Here we are in the Müllerthal region of Luxembourg, which is called Little Switzerland. Actually, it's called Kleng Lëtzebuerger Schwäiz, in Letzeburgisch. I can kind of see why, because they have some hilly mountain-type features and some great geological events. It's not the Alps, though.
To the Northeast, the Müllerthal is bordered by the Sauer river and Germany. It took us about half an hour to drive here from Luxembourg City. It's pretty countryside, and we took a long hike today up along this ridgeline that runs parallel to the river. The rock formations were very pretty. We did some clambering around through tight spots and semi-caves. It was a beautiful day, we were enjoying the walk... and we really misjudged how far it was between towns.
Because it was way past noon and we were hungry, we decided to steal some apples. We passed by a few orchards on our walk, but they were all fairly well guarded. The one in the picture above had an electric fence around it (to be fair, it was a pasture) and a few other trees were behind thick hedgerows or barbed wire.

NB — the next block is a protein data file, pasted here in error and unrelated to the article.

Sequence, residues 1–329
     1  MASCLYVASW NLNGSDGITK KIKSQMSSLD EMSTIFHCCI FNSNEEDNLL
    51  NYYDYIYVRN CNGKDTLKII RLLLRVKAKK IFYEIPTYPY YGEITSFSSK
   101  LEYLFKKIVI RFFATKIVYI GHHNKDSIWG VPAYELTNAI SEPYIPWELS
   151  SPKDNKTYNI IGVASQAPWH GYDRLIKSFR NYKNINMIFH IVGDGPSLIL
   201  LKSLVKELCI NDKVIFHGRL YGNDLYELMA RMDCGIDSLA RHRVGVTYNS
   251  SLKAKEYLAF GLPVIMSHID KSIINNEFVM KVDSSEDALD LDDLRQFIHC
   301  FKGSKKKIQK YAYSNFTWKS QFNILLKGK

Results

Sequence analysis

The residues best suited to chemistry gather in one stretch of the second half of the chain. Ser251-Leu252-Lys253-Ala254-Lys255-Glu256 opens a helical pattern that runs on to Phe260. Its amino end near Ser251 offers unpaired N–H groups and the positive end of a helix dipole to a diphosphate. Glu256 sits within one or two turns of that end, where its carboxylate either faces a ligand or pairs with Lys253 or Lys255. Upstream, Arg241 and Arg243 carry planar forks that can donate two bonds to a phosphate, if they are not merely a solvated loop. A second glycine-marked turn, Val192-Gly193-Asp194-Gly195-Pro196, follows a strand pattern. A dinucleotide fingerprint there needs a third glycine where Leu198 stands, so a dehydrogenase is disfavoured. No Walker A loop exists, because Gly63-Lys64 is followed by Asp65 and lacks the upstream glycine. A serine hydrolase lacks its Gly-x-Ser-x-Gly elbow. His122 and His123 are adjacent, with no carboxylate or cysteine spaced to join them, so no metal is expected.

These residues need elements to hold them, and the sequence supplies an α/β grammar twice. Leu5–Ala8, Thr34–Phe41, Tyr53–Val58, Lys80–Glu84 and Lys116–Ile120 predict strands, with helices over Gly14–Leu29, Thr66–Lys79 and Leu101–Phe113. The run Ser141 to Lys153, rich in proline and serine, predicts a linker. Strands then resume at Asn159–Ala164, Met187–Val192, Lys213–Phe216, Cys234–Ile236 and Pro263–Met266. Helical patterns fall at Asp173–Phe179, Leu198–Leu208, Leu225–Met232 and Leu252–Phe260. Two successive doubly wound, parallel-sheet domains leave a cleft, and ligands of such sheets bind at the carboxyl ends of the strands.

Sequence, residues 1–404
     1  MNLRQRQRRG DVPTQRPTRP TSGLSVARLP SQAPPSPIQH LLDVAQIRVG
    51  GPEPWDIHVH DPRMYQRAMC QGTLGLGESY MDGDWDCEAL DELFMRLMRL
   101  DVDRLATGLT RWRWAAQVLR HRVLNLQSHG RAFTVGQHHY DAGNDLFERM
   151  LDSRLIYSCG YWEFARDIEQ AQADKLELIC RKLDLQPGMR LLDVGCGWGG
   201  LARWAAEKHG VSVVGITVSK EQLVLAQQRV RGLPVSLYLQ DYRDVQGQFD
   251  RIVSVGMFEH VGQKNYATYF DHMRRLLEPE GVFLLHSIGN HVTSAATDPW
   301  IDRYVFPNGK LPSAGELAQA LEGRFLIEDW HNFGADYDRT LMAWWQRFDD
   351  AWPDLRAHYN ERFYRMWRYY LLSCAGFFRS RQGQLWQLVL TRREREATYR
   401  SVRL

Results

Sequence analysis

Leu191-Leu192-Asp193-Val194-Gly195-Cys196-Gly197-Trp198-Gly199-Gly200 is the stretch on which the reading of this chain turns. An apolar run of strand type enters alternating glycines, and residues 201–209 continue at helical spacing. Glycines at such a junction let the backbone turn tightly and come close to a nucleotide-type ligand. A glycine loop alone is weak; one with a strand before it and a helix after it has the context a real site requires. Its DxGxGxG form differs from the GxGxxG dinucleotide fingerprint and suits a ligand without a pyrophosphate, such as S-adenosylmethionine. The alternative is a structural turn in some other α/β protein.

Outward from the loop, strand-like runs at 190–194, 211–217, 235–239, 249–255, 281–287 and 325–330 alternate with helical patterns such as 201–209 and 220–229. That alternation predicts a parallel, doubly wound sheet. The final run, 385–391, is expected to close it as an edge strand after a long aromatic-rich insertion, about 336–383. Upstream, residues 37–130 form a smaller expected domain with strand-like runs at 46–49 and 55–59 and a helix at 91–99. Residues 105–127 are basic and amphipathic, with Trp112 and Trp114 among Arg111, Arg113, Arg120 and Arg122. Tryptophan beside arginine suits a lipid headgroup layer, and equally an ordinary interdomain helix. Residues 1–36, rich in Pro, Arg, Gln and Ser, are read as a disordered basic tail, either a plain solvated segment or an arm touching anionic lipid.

Finally, we found an unguarded tree - we thought - and picked a few nicely ripe Äpfel. They weren't without scabs, and they weren't ideal eating apples, but they hit the spot. A few paces down the lane, we saw that we had been watched. A man tending his roses gave us a withering, awful look and grunted as we passed. He wasn't too pleased about the American kids stealing his fruit.A little further on, we found a few blackberries - barely a handful each - that had survived the end of fall and the other hikers. They were delicious and perfectly ripe.
When we got back to the town we're staying in (Bollendorf, really only a village), we crossed the river to get a bit of coffee. We didn't even think about the fact that we were crossing a border until we noticed the language difference on the signs. This is the view back across the river, from Germany, towards Luxembourg. The picture isn't great because the sun was going down right behind that hill, but it's all I have. The building in the forefront is a cafe and gas station. Beside every border crossing - so it seems - you'll find a gas station. Everyone knows that gas is really cheap in Luxembourg.